- · There are flush toilets (!) and the showers cost 500kr (for 5 minutes)
- · There is a bus service to and from here – Reykjavik Excursions
- · You can charge your phone here (for approx. €7!)
- · There are several nice short excursions – one being around the lake and the other up to a nearby ridge for gorgeous views
Deeper and wider than the first river, this is where sandals and poles REALLY come into their own. I honestly think I would have struggled without them. Once crossed there begun a long, long and very windy walk along a flat area through a dust storm, up and
over a saddle where it was so windy I was genuinely knocked off my feet – heavy rucksack and all! A few more ups and downs and we arrived at Botnar-Emstur, the least ascent and descent of any of the days but with the river crossings, wind and dust storm it felt the most challenging day yet taking five ho
urs. Due to the high wind several of the campers decided to stay in the huts, so ours was completely full with several people sleeping on the floor – cosy!
Things I wish I knew beforehand – day 3
- · There are flush toilets and the showers cost 500kr (for 5 minutes)
· There is a bus service to and from here – Reykjavik Excursions
- · There is a truly spectacular view of the gorge only 20 minutes away. Well worth the walk out, although slightly unnerving peering over the edge with gusty winds behind you!
- · The campsite is small and exposed to the wind
- · Poles and sandals (plus a towel handily available) makes the river crossings more bearable
- · Lighting is not good in huts, so a head torch to read/get to toilets in night is a must
- · If you do this hike in four days then the hiking lengths are fairly short, so it’s good to have entertainment – my walking companion had podcasts on her ipod, I was very jealous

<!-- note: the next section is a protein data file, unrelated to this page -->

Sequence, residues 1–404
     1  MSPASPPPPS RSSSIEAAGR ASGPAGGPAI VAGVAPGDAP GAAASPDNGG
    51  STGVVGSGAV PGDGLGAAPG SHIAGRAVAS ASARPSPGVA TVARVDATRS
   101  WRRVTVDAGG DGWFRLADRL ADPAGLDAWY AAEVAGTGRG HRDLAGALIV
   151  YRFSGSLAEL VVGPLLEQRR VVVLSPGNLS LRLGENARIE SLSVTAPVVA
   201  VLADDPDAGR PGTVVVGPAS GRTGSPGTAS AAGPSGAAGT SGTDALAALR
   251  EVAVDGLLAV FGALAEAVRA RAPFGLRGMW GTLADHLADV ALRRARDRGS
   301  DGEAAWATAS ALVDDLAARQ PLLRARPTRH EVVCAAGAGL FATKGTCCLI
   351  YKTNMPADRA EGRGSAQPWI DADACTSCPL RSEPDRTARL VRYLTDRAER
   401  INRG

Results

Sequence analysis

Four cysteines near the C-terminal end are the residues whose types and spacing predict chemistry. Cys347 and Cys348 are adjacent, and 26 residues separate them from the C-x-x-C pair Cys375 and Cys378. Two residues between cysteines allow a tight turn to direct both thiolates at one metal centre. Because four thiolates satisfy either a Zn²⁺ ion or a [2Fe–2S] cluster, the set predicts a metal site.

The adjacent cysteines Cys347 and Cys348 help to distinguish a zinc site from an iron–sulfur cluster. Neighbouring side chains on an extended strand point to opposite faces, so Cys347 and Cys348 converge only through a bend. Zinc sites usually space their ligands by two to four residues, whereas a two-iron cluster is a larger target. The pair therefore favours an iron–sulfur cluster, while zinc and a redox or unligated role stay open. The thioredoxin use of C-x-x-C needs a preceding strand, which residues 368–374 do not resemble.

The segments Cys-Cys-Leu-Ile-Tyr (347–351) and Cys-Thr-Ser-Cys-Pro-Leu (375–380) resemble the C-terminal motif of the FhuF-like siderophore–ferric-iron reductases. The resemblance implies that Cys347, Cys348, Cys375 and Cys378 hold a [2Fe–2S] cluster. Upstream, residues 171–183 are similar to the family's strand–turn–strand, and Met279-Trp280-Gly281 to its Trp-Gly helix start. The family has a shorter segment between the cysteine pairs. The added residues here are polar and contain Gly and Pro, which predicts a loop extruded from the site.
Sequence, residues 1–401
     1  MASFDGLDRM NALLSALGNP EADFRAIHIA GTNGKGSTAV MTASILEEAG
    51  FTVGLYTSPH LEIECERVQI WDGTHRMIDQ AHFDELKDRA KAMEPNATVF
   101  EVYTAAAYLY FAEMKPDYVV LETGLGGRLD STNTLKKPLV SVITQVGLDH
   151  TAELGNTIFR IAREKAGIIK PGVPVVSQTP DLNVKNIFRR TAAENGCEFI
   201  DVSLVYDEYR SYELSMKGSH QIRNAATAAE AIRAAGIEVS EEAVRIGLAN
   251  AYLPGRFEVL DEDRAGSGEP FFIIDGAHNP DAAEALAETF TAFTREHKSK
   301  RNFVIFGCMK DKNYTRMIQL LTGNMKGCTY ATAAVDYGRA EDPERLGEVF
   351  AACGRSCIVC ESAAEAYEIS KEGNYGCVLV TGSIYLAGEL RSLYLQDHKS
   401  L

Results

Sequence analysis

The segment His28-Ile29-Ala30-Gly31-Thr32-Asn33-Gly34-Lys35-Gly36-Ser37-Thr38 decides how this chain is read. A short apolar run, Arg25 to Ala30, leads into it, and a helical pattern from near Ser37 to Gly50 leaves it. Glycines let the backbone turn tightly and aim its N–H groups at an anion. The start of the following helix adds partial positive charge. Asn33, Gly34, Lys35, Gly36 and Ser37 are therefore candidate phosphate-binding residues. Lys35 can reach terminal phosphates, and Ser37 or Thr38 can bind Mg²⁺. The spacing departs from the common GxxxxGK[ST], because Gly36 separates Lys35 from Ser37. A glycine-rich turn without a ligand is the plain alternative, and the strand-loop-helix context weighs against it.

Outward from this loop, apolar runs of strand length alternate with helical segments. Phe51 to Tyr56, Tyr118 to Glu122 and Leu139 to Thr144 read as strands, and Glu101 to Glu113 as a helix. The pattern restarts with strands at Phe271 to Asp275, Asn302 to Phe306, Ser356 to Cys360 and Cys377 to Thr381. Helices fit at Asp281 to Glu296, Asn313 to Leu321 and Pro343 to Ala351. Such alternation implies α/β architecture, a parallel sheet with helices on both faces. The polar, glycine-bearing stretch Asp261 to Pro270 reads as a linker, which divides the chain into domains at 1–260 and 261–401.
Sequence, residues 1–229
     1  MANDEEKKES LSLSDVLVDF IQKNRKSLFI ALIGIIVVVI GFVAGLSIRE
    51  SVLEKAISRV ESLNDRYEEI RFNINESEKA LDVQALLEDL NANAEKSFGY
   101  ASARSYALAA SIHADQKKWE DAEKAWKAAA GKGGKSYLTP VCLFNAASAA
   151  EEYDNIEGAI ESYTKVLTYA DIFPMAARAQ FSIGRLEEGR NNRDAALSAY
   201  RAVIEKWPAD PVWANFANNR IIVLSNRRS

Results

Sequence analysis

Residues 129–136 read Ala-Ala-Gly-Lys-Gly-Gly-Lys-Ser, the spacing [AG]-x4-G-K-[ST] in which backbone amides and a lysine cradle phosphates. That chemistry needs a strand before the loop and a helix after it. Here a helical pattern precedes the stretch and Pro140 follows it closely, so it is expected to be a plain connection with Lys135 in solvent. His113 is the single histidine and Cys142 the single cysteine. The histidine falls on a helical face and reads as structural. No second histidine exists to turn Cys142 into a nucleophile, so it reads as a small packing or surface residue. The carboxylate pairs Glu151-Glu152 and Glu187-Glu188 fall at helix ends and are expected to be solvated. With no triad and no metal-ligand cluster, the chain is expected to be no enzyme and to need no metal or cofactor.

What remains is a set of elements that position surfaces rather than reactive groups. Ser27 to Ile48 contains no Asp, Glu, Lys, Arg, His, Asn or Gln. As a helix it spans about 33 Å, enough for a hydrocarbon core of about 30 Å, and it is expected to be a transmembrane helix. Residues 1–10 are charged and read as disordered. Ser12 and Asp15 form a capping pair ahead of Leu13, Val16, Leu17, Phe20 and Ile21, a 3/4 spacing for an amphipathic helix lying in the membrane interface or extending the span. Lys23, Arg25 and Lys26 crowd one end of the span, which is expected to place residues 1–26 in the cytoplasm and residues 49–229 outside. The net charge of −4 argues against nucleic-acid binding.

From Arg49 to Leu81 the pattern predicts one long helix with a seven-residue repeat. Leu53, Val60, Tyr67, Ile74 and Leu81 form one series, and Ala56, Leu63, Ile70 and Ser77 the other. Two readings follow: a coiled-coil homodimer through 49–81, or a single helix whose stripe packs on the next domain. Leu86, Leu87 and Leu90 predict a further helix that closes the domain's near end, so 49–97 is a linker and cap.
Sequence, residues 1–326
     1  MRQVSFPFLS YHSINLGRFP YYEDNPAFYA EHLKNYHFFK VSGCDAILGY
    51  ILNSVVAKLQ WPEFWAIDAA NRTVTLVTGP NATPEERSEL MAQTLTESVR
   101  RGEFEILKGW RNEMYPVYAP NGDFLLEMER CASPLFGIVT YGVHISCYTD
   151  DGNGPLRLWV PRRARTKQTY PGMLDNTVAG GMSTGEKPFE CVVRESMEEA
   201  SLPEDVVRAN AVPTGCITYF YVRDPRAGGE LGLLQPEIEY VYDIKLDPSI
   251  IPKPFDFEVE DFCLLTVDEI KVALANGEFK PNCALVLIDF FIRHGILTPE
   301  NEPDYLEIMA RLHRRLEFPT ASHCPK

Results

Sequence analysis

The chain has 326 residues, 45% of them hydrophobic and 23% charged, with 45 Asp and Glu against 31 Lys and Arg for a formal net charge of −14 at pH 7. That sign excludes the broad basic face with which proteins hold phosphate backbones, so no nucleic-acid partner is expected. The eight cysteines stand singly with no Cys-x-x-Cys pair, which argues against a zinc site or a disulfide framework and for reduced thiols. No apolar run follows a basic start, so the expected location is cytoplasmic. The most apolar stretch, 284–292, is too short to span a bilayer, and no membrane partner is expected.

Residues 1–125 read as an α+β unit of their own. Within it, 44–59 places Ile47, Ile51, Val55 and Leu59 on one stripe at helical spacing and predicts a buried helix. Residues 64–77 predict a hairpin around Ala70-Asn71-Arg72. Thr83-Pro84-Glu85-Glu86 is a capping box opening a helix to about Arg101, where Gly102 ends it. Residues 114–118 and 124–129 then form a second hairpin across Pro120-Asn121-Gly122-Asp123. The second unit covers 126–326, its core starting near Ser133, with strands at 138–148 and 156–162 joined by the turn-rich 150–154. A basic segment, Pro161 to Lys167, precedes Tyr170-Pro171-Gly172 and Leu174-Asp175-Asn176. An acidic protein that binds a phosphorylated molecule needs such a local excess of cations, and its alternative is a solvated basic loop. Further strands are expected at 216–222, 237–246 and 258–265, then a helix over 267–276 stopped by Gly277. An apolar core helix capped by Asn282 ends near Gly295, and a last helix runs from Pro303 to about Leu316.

- · Map – 1:100000 Landmannalaugar and Porsmork not very useful for navigation but interesting to look at and to identify mountains/rivers
- · For the fords – bring sandals and poles – otherwise it takes ages and gets really painful!
- · Sunglasses very handy for the dust storms
- · Huts have everything you need – no need for bowls/cutlery etc. they even have free food cupboards and flasks for day walks!
- · Avoid the crowds and cook tea early in the huts
- · If it’s windy then it’s really windy so girls (and guys) with long hair, take a buff to save your sanity!
- · Keep a towel handy to wipe your feet on day 3 and 4 for the river crossings
- · Would recommend going north to south
- · Planning your food carefully is key to enjoyment
- · I really wish we carried on to Skogar – looked incredible and different type of walking again
- · The campsite at reykjavik is very good value, it has loads of free gas canisters and food. Free showers. Inside kitchen/chill out area. It’s next door to the amazing swimming pool and hot pods. All excursion/airport buses stop here, and you it has luggage storage – just feels like you in the middle of a drop out band camp 🙂
- 55 litre rucksack
- waterproof jacket and trousers
- walking trousers/trousers for wearing in the hut
- 1 hiking top/1 top for wearing in the hut/1 top for last day
- underwear and socks
- down jacket
- gloves and buff
- 1 book
- 1:100 000 map and compass
- sleeping bag
- walking poles
- head torch
- ear plugs
- blister pads/ibuprofen
- several dry bags to keep thing in
- Hot chocolate sachets
- Small bottle of antiseptic hand wash
- Small pack of wet wipes
- Ipod with audio book and pod casts